Realizing the Biological and Biomedical Potential of Nanoscale Imaging Using a Pipette Probe

Andrew I Shevchuk; Pavel Novak; Yasufumi Takahashi; Richard Clarke; Michele Miragoli; Babak Babakinejad; Julia Gorelik; Yuri E Korchev; David Klenerman


Nanomedicine. 2011;6(3):565-575. 

In This Article

Abstract and Introduction


Cells naturally operate on the nanoscale level, with molecules combining together to form complex molecular machines, which can work together to enable normal cell function or go wrong as in the case of many diseases. Visualizing these key processes on the nanoscale has been difficult and two main approaches have been used to date; nanometer resolution imaging of fixed cells using electron microscopy, or imaging live cells using optical or fluorescence microscopy, with a resolution of a few hundred nanometers. Scanning probe microscopy has the potential to allow live cells to be imaged at nanoscale resolution and a noncontact method based on the use of a nanopipette probe has been developed over the last 10 years that allows both topographic and functional imaging. The rapid progress in this area of research over the last 4 years is reviewed in this article, which shows that imaging of complex cellular structures and tissues is now possible and that these methods are now sufficiently mature to provide new insights into important diseases.


In the middle of the 1980s, when scanning probe microscopy was first developed, one of the aims was to use this method to image the topography of live cells with a resolution comparable to an electron microscope. However, despite recent advances in the biological applications of atomic force microscopy (AFM), its resolution on living eukaryotic cells remains comparable to optical imaging.[1,2] For this reason, fluorescence microscopy remains the most widely used method for live cell imaging. Although fluorescence imaging provides molecular specificity, it cannot visualize important topological changes taking place on surfaces of live cells at the nanoscale. Scanning ion conductance microscopy (SICM), invented by Paul Hansma in 1989, has been successfully adopted for topographical imaging of live biological cells under physiological buffer.[3,4] Nevertheless, the lack of sideways sensitivity of the SICM probe, which is a glass micropipette or nanopipette, has limited the application of SICM to the imaging of relatively flat surfaces since its invention. In fact, this is a fundamental problem for all scanning probe microscopes, since the sidewall of the probe can touch the sample before the tip of the probe has sensed the presence of this object (Figure 1A), resulting in sample and/or probe damage (Figure 1C). The introduction of the distance-modulated feedback protocol, which we reviewed in a previous technical report 4 years ago, improved the SICM feedback stability and allowed the imaging of more complex structures, but did not solve the fundamental problem of sideways sensitivity.[5,6] As a result, the scanning pipette always collided with obstacles taller than the modulation amplitude. However, the recent introduction of hopping probe ion conductance microscopy (HPICM) by Novak et al.[7] has now made it possible to image the highly convoluted surfaces of live biological cells at a resolution better than 20 nm, as shown in Figure 1B & 1D. HPICM has some conceptual similarities to the back step mode by Happel et al.[8] Manipulation of cells at the submicron scale using pulse mode SICM has also recently been reported.[9] However, despite the conceptual simplicity of withdrawing the probe to a certain height before positioning it to a new location to be measured, this protocol results in a prohibitively slow imaging rate.[8,10] For example, an image of a size of 256 by 256 pixels, with a probe withdrawn by 5 µm at every pixel, would take more than 2 h to acquire. This is currently due to the response time of the piezo actuator, which is in the milliseconds range. To address this issue Novak et al. developed adaptive scanning, where the sample is scanned at variable resolution, depending on how rough or smooth its surface is, see Figure 2. Adaptive scanning actually reduces the scan time significantly, opening up the possibility of imaging topographic changes on the cell surface in real time. This key advance of the combination of adaptive SICM and HPICM is described in more detail below.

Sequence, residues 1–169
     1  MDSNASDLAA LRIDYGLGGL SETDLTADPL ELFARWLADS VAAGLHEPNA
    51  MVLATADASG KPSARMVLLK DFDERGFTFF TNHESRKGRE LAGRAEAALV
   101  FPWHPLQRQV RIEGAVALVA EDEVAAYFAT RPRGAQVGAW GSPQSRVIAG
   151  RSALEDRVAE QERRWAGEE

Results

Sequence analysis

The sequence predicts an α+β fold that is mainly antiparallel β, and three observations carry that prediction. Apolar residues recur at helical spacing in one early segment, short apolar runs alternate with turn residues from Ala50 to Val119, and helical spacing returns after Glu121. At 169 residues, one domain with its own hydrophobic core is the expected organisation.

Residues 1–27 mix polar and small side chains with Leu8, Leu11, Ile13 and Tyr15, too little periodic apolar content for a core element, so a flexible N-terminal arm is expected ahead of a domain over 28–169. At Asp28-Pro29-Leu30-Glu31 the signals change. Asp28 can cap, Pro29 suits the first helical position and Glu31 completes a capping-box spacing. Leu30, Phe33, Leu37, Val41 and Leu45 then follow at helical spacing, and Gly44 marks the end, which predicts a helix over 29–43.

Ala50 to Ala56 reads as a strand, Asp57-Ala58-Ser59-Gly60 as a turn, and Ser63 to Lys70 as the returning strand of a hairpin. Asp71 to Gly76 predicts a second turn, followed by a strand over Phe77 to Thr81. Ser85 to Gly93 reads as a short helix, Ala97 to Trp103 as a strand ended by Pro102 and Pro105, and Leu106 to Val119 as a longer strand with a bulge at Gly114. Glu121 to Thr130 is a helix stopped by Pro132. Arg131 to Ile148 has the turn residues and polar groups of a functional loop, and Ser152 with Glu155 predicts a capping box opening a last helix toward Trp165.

Figure 1.

Comparison of continuous/distance-modulated scanning ion conductance microscopy and hopping probe ion conductance microscopy operation. (A) A scanning nanopipette probe operating in continuous scan mode collides with a large spherical object. (B) Hopping mode, used in hopping probe ion conductance microscopy, avoids collision by withdrawing the same pipette to a position well above the sample. (C & D) An example of improved imaging using hopping probe ion conductance microscopy. Topographical images of the same fixed vertically protruding mechanosensitive stereocilia of auditory hair cells, obtained first with continuous raster scan mode (C) and then with hopping mode (D), using the same nanopipette. Both images took 30 min to acquire.

Figure 2.

Principle of adaptive resolution. (A) For adaptive resolution hopping probe ion conductance microscopy, the scan area is first divided into equally sized squares (bottom). Before imaging each square, the roughness of the sample in this square was estimated using the height at its corners highlighted in red (middle). Very rough squares were imaged at high resolution (top right) and smoother squares were imaged at low resolution (top left). (B) As an example, a 3D topographical rendered image of a hippocampal pyramidal neuron was acquired using this adaptive scanning algorithm (bottom). The resolution that was used for imaging this neuron (high resolution in dark green, low resolution in light green) is shown above.


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